Oakland Raiders Week Four: Gameplan for Victory

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Thank god for Sam Darnold. Seriously. Because what would we in the Raider Nation do if the Cleveland Browns, behind our old head coach, Hue Jackson, came into the Black Hole and got their first win since Christmas Eve, 2016? That would be the embarrassing cherry on an already humiliating season. Fortunately the pressure is off, and all Oakland has to do is worry about not giving Baker Mayfield a win on the road in his first start. Oh boy. Here’s how they can do it.

Oakland Raiders Week Four: Gameplan for Victory

Gruden or Carroll?

Let’s talk about a purely hypothetical scenario. You’re up seven to nothing in the first quarter, and you’ve managed to drive all the way down to your opponent’s one yard line. On second and third down, you passed the ball, and were not able to get the ball into the endzone. You look down your sideline and see that you haveĀ Marshawn Lynch, arguably the best short yardage running back in NFL history, what do you do?

  • A. Spider 2Y Banana
  • B. Take the Points and go up 10-0
  • C. Hand the ball off to Beast Mode

All three are quality options, right? After all, Gruden allegedly loves Spider 2Y Banana, and if the Raiders had taken a field goal against Denver the week before, they probably would’ve won. But if you’re going to go for it, the obvious choice is to let Marshawn Lynch do what Marshawn Lynch does.

Oh? What’s that? He didn’t do that? Oh. No, that’s right. Jon Gruden gave Keith Smith, the same Keith Smith that dropped the fourth and one pass last week, the same Keith Smith with two career carries to that point, the ball. Wonderful.

Then, it seemed like he learned his lesson. Because on the first drive of the second half, the team found itself on the Miami one yard line again, and this time, they actually gave him the ball, where he promptly scored. Lesson learned.

Just Kidding

Because later in the game, down four, Oakland found themselves in the redzone again. It was first and ten from the thirteen yardline, and instead of feeding Lynch the ball on first down, Derek Carr tried Martavis Bryant on Xavien Howard, the pass was intercepted, and the game was basically over.

The key to beating Cleveland? Is keeping the ball in the hands of your most consistent playmaker. Marshawn Lynch has scored a touchdown in all three games this year. He’s the only Raider that can say that. While Derek Carr is on pace for 5,000 yards, he’s also on pace for 11 touchdowns and 26 interceptions.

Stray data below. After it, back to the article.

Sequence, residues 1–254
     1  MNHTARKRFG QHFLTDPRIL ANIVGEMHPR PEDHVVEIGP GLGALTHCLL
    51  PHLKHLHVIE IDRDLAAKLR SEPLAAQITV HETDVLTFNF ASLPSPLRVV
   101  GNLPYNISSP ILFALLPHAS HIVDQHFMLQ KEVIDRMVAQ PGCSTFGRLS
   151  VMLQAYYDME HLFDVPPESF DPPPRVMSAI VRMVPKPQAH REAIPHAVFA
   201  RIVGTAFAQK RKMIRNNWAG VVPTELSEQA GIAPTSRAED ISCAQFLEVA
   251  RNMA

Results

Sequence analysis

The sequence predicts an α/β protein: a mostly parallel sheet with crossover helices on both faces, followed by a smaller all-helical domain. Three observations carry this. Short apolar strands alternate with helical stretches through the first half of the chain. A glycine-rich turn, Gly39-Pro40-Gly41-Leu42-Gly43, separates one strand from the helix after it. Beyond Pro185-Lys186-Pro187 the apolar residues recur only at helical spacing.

Use Carr wisely, force feed Marshawn Lynch the ball, and for the love of god, keep Keith Smith away from the ball unless he’s blocking for someone else, preferably Marshawn Lynch. Seriously.

Confuse the Kid

Baker Mayfield looked phenomenal against the New York Jets last week. He completed 73% of his passes for 200 yards in just over one half of football. He looked confident, concise, and didn’t make too many scary plays. The Browns are going to be heavily favored this weekend, even on the road, and the Raiders have to do something about that.

Count on the Hue Jackson and the Browns to dig deep into their big of tricks, A. to help protect the young quarterback’s inexperience, and B. because the Los Angeles Rams and Miami Dolphins both used them with great success against Oakland’s defense, Reggie Nelson especially.

All preseason, we heard about how great Paul Guenter was, and frankly, we haven’t seen that yet. Now, that’s not entirely his fault. His defense is lacking starpower, and frankly, is either too young (Arden Key, Maurice Hurst) or too old (Nelson, Derrick Johnson, Leon Hall). However, you’ve gotta earn your keep in this league, and it’ll be his job to recognize those trick plays and make things as complicated as possible for Baker Mayfield.

Mayfield isn’t an exceptional athlete, but he’s got great pocket presence and isn’t afraid to take off and extend plays with his legs. Throw out some confusing coverages, bring heat, and for the love of god, don’t cement Baker Mayfield as the obvious favorite for offensive rookie of the year.

Play. Four. Quarters.

I don’t know what I’m more sick of, saying this in every article about the Raiders, or watching this team implode in the fourth quarter every week. I don’t know what it is about this team, but they can’t seem to play sixty minutes. They’re dominant in the first half, okay in the third quarter, and atrocious on both sides of the ball in the fourth quarter.

This week, the team is not away. They don’t have to wear black jerseys, and they’re not in crazy altitude or humidity or a bad time zone. The Raiders are back home for the first time since week one, against a team that has won five games in the last two and a half seasons.

Derek Carr is on pace for 5,000 yards, but he’s not scoring touchdowns and he’s turning the ball over far too often. The Raiders have far too many pieces, and have fallen apart one too many times. I’m sick of Carr’s “oh shucks” attitude and promises that “this team is going to get it together.”

This team still has hope, but they’ve gotta make things happen now. Talk is cheap and potential is meaningless until it becomes production.

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